Explore Plants

Share

Ask Mr. Smarty Plants

Ask Mr. Smarty Plants is a free service provided by the staff and volunteers at the Lady Bird Johnson Wildflower Center.

Search Smarty Plants
    
 

Can't find the answer in our existing FAQs, submit a question to Mr. Smarty Plants.
Need help with plant identification, visit the plant identification page.

rate this answer
Not Yet Rated

Thursday - March 19, 2009

From: Albany, IN
Region: Midwest
Topic: Shrubs
Title: Living fence to contain sheep in Indiana
Answered by: Barbara Medford

QUESTION:

I would like to plant a living fence that would also contain sheep. I have researched this but I cannot find a definite list of trees or shrubs to use. Do you have any suggestions?

ANSWER:

What you want is something thick and stickery, right? Well, we know a native plant, Mahonia trifoliolata (agarita) that also has the common name "baby-sitter plant" because it is sometimes used in the Southwest to protect lambs from the circling coyotes. It shelters and feeds birds, is evergreen and attractive. The bad news is, it is native only to New Mexico, Texas and Arizona. Randolph and Delaware Counties, Indiana are apparently in USDA Hardiness Zones 5a (average minimum temperature -20 to -15 deg. F) to 5b (average minimum temperature -5 to -10 deg. F). Agarita is hardy to +15 deg. F. Scratch that idea.

We actually don't feel you are going to find a plant that will give you year-round confinement of your sheep and protection from predators. To begin with, whatever you plant is going to take several years to get to a height that will be reasonable for protection. Plus, a sheep anxious enough to go roaming or a predator hungry enough to have a bite of lamb could almost undoubtedly find a way to get through just about any shrub foliage that you had in place. 

You already know more about sheep fencing than we do, but here is a website from Sheep 201 on Fencing. We looked at our Native Plant Database to see if there might possibly be an Indiana native shrub that would work, but the closest we could come was Juniperus communis var. depressa (common juniper). Both its cones and leaves are toxic, which would pretty well eliminate that as a livestock fence.  We hate to say so, but sometimes native plants are NOT the solution.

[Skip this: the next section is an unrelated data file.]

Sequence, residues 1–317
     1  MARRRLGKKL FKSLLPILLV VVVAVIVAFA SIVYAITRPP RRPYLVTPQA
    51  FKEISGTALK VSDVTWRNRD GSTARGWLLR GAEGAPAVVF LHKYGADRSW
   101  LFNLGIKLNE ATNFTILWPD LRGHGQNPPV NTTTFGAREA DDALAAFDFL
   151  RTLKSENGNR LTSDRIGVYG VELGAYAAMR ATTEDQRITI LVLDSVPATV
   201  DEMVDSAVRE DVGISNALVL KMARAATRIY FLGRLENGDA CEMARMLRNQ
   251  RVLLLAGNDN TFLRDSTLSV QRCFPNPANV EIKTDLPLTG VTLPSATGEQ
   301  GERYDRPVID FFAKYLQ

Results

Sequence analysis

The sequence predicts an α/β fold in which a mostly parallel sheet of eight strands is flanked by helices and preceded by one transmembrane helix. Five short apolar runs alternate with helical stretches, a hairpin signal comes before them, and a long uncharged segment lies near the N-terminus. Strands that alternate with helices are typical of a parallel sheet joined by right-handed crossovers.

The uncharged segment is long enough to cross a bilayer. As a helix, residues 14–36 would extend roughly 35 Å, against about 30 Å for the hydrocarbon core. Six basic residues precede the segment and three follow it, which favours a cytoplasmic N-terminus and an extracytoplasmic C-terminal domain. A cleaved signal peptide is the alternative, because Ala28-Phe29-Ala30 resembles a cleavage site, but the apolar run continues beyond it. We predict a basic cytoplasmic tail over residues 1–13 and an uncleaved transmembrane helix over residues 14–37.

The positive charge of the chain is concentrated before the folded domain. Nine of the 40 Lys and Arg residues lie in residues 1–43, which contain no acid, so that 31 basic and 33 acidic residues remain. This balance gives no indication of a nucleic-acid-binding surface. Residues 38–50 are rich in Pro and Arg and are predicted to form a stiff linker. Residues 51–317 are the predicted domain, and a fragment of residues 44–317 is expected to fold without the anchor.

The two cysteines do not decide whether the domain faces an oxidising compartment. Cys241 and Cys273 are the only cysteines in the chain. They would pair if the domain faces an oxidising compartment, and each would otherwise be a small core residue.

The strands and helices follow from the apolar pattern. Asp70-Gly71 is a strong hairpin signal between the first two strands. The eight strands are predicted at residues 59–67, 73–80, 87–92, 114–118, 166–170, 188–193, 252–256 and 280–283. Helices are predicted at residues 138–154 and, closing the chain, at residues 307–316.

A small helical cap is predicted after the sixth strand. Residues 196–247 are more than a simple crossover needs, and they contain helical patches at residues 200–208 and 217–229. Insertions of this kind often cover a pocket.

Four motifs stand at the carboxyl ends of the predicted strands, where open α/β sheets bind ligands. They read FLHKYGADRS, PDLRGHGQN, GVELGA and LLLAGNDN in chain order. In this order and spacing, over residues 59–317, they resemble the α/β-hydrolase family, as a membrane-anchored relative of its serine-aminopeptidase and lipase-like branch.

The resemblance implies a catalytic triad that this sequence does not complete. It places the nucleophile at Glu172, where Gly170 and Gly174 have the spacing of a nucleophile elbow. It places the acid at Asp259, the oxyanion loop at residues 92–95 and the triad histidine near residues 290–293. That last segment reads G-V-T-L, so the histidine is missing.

More Shrubs Questions

Non-native Genista racemosa from Houston
June 17, 2012 - Read your info on Genista Racemosa. Doesn't address my problem of it not blooming this year. It's in full sun and growing well, about 30" tall & round. Bloomed last year. We're feeding with ba...
view the full question and answer

Selection of a small variety of Desert Willow for SE Texas
August 02, 2011 - Looking to plant desert willow as shrub. Any helpful tips to keep height down and plant full or bushy.
view the full question and answer

What fertilizer can make potted plants flower in Austin, TX?
July 05, 2011 - I have a Lantana and esmarelda planted in large pots. They froze last winter but have both come back strong except they do not bloom even though I have fertilized. Is there something special I need ...
view the full question and answer

Plant Suggestions for a Partly Sunny Steep Bank in Illinois
November 09, 2013 - I am looking to plant something on a steep clay bank on our Illinois property. It is on the edge of our dirt road with trees above the bank and is partly sunny. What would work best for that type of a...
view the full question and answer

Need suggestions for shrubs for a 150ft. barrier.
March 25, 2009 - What do you suggest for planting 150' site barrier only 15' high western Idaho?
view the full question and answer

Smarty Plants's Facebook profile Support the Wildflower Center by Donating Online or Becoming a Member today.

Mr. Smarty Plants wants you to be his Facebook friend. Click the Facebook icon to add yourself to Mr. Smarty Plants list of friends.